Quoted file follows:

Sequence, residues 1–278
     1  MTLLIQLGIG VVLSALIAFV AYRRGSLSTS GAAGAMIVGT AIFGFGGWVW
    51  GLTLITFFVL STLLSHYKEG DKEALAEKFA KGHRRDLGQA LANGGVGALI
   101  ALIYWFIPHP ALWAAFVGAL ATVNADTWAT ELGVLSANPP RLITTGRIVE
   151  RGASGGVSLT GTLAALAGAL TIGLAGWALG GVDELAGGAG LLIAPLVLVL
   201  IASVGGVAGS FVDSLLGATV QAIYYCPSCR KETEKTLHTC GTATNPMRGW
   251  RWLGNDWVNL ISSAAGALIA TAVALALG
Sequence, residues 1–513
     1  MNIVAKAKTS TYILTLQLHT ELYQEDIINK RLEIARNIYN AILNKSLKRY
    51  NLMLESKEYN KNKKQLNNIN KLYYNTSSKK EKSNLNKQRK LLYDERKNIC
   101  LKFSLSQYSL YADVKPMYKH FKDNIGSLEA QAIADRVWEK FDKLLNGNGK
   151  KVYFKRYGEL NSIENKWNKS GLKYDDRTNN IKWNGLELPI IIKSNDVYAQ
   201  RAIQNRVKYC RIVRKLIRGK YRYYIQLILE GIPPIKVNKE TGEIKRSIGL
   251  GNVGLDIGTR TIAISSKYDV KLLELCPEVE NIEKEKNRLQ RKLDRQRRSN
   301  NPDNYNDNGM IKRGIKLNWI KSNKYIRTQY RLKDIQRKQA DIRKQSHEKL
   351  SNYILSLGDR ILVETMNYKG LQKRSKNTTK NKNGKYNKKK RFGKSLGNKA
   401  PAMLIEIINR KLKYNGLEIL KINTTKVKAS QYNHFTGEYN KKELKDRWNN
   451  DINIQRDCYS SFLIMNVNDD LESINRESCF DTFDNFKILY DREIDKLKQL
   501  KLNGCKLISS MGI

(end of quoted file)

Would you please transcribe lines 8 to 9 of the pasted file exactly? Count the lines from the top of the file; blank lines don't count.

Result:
Sequence, residues 1–513
     1  MNIVAKAKTS TYILTLQLHT ELYQEDIINK RLEIARNIYN AILNKSLKRY